Robert Conway for FunHouse Features, Triple G Production
directed by Robert Conway
starring Amelia Brantley, Bryson Holl, Caroline Lassetter, Taylor Buckley, Tim Sauer, Emily Lynne Aiken, Daniel Link, Tori Osborn, Michael Harrelson, Linda Cushma, Travis Amery, Dujhan Brown, Juliet Rose Serrato, Jeffrey Aguilar jr, Eric Lettman, Owen Conway, Kerry Keepers, William 'Bill' Connor, Sean Dillingham, Greg Lutz, Adam Berardi, David Casillas, William Kenny, Dan Weisgerber, Melissa Wiehl, Josh Schultz
written by Robert Conway, visual effects by Joseph Mbah, Robert Conway, special effects by Cat Bernier, Marcus Koch
Available on DVD !
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It's Christmas at his grandparents (Michael Harrelson, Linda Cushma),
and young Tommy (Bryson Holl) couldn't be less impressed, as they live in
the middle of the desert, there's no cellphone signal, the cousin (Taylor
Buckley) he shares a room with is a jerk and isn't interested in much
other than the behind of Tommy's sister (Caroline Lassetter), his dad (Tin
Sauer) and uncle (Daniel Link) can't stop playing alpha dog, and so on and
so forth ... and then Tommy finds this really cool rock in the river with
runes carved into it, and he's mighty proud of the find ...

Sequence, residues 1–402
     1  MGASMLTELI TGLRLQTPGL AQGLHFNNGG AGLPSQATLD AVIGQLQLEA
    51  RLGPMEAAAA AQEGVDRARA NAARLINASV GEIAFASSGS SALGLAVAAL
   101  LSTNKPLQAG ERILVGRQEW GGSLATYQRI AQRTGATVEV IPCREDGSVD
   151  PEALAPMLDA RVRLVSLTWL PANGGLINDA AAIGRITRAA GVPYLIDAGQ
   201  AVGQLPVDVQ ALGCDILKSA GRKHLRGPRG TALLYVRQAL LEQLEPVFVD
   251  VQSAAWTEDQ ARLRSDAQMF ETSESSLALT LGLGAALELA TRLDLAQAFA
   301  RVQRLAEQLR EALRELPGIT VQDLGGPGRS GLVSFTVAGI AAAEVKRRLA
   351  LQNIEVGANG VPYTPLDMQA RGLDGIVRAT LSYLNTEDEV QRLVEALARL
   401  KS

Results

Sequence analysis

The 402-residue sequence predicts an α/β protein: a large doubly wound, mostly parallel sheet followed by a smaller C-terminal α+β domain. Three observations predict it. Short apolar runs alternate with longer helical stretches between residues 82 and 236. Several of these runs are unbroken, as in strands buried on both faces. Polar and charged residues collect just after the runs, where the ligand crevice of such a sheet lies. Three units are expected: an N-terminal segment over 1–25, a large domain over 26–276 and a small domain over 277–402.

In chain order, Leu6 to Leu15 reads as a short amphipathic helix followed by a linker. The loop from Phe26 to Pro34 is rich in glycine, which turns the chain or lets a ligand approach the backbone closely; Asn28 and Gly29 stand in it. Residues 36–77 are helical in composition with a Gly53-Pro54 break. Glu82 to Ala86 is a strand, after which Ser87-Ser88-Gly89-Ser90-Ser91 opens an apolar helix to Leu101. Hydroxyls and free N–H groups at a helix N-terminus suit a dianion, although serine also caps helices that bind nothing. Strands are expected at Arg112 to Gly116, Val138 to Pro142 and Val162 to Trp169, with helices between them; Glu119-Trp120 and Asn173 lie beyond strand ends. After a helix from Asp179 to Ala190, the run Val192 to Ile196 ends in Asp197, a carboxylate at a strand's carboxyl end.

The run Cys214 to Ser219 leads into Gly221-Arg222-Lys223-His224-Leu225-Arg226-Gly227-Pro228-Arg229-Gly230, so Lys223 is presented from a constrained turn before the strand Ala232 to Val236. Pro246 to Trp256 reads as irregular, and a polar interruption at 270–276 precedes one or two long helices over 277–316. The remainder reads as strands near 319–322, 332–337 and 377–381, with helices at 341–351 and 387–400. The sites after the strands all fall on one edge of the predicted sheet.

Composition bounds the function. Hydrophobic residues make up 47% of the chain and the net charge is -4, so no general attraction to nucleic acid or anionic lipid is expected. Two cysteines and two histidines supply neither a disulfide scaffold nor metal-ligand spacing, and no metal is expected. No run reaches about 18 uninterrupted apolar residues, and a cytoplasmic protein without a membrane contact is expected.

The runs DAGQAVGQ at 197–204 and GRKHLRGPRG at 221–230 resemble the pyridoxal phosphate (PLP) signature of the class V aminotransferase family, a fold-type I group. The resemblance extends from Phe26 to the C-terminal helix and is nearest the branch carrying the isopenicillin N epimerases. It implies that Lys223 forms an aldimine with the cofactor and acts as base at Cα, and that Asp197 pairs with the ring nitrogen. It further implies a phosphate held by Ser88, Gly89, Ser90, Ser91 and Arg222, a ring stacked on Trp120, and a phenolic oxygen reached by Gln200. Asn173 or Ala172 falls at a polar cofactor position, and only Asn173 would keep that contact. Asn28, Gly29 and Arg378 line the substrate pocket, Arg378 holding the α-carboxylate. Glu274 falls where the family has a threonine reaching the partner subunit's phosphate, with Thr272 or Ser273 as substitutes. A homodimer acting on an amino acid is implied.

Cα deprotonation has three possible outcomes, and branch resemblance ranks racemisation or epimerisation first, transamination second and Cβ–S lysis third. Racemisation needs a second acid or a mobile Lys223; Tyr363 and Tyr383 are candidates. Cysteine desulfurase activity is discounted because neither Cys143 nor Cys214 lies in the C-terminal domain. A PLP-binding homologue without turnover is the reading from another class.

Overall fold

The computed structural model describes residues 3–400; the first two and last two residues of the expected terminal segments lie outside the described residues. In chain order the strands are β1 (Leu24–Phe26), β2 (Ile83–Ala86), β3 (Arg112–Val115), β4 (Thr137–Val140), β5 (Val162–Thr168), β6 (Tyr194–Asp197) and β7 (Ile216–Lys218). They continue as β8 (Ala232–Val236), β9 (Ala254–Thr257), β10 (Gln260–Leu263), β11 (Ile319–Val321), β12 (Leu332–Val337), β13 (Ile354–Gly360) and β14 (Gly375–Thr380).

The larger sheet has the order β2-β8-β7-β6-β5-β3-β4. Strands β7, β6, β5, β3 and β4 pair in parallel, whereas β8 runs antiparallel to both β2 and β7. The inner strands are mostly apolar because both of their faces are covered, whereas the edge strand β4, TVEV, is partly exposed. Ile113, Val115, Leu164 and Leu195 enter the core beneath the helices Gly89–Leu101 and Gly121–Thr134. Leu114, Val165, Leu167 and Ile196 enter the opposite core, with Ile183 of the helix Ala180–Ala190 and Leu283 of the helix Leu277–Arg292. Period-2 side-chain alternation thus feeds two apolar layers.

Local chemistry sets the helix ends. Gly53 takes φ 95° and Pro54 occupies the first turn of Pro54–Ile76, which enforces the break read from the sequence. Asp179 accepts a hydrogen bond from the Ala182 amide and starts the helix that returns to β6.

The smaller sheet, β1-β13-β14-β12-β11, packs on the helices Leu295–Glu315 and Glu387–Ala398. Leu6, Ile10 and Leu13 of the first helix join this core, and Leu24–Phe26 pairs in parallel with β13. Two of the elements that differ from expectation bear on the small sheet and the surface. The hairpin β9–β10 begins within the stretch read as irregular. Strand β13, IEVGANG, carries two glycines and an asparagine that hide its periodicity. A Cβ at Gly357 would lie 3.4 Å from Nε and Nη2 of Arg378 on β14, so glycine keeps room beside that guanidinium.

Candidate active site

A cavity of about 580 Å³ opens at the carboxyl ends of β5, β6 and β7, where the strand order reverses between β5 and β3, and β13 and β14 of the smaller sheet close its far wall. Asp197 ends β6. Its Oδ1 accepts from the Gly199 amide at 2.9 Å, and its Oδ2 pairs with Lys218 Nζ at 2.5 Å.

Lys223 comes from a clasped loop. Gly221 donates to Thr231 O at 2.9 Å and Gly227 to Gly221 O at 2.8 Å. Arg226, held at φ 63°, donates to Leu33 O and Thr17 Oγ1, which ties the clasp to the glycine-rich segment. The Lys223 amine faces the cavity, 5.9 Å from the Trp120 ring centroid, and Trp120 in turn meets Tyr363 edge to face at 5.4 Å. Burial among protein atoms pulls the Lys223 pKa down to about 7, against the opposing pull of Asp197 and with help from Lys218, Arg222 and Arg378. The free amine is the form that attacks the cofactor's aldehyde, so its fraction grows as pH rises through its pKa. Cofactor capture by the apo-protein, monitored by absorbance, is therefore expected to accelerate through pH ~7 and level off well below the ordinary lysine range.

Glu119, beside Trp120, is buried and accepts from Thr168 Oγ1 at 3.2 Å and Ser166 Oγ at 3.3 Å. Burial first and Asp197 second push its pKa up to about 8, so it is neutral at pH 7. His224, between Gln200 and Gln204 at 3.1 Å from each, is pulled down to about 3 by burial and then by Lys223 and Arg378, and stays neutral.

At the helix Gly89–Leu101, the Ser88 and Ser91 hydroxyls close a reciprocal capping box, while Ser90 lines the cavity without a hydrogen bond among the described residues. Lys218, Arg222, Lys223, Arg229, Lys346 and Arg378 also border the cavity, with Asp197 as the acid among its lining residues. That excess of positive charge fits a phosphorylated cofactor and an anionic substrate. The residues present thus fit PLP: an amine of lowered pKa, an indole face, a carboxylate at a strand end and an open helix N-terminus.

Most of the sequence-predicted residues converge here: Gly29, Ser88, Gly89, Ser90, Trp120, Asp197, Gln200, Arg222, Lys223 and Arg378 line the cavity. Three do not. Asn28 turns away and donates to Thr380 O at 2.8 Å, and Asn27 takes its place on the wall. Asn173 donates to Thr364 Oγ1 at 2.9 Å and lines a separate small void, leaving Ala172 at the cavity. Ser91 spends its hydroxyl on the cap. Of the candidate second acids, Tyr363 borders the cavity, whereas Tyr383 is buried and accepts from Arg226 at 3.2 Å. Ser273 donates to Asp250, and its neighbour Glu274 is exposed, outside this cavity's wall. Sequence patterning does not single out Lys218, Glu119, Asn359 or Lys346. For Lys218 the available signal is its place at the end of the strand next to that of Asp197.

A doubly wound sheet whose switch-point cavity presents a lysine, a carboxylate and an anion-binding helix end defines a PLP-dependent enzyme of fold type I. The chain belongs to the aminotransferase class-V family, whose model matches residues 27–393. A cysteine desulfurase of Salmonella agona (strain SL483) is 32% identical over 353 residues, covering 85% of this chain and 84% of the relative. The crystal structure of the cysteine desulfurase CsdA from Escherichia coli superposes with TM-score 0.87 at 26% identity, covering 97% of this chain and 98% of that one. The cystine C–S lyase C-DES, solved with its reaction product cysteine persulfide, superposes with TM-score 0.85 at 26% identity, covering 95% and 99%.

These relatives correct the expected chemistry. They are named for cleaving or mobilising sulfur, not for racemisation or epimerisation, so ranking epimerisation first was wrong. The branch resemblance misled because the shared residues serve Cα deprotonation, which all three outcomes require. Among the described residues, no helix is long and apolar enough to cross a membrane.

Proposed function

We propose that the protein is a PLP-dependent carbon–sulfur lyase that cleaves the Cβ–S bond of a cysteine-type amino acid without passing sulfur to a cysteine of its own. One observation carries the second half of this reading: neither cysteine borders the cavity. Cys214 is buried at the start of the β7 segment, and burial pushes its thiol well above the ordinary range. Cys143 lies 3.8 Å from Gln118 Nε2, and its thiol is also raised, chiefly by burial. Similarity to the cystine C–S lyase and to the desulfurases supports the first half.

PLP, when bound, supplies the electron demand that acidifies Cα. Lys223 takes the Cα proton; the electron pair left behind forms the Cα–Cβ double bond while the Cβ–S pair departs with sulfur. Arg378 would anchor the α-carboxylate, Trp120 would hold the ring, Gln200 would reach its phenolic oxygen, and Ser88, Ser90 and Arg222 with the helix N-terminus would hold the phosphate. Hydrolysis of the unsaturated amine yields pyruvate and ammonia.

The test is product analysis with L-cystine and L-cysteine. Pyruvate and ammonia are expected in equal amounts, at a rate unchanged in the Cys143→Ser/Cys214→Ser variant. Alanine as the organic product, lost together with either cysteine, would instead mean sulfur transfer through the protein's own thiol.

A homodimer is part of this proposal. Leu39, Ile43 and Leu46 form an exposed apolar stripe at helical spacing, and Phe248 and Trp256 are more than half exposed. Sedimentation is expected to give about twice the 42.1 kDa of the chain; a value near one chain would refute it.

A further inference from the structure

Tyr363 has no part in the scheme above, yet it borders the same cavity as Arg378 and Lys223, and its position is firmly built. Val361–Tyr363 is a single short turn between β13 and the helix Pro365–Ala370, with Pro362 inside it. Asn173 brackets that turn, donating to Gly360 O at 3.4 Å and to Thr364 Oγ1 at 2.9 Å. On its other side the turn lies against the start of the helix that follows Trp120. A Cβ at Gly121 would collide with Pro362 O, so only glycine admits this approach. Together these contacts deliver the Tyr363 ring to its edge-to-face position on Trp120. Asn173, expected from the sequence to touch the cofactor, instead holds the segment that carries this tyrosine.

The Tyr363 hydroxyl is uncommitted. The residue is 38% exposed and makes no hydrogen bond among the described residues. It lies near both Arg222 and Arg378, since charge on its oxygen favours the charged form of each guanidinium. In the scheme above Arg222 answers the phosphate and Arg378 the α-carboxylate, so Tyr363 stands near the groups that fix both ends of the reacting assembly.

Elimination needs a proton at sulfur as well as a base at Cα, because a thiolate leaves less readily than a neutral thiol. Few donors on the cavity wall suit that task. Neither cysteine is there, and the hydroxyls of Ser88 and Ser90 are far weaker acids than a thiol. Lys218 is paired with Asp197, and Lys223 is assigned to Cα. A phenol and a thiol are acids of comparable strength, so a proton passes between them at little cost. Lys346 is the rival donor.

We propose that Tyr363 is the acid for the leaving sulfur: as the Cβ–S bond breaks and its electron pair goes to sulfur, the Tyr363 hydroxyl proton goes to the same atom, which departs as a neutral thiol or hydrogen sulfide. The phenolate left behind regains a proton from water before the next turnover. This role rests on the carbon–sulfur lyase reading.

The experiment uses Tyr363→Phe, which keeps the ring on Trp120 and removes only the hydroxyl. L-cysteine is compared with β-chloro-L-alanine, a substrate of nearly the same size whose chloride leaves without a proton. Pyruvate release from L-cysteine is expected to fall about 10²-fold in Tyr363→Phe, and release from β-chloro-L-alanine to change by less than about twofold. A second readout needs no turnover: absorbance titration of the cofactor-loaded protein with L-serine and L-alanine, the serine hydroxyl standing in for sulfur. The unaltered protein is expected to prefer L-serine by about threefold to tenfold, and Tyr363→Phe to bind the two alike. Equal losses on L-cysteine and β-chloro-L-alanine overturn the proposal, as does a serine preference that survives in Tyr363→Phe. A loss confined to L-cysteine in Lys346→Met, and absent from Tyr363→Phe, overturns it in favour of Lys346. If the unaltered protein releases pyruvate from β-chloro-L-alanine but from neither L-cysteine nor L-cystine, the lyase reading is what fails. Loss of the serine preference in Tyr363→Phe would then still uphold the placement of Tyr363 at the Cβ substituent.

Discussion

All of a
sudden, a woman from the neighbourhood, Bonnie (Amelia Brantley) storms
into the grandparents' house claiming her boyfriend has been killed by
some demon-like creature - which of course sounds like utter rubbish, only
it isn't: Basically, ehre's one thing Tommy ought to have known about his
rock, once it comes into contact with fire, even a tiny spark, will set
free the demon counterpart of Santa Claus from Central European folklore,
the Krampus (Travis Amery) - and with Troy constantly smoking the rock
catching a spark is only a matter of time. Now the Krampus come back to
life is mighty miffed, and he'll stop at nothing to get back his rock ...
stop at nothing? Hell no, he even enjoys brutally slaughtering those in
his way ...
Now Krampus Unleashed is certainly not a
film that tries to re-invent the wheel, it's a slasher movie, nothing more
- but the movie is perfectly aware of this, tries to get the most out of
following the formula by empasizing the strengths of the genre (like
featuring some fun characters and character interplays, but also brutal
killings), making things as tense as can be, and featuring a fun killer in
a great mask and outfit. Plus, the cast's uniformly really up for the task
to bring their roles across believably and likeably. This all might not
make a great movie in the true sense of the word, but a very likeable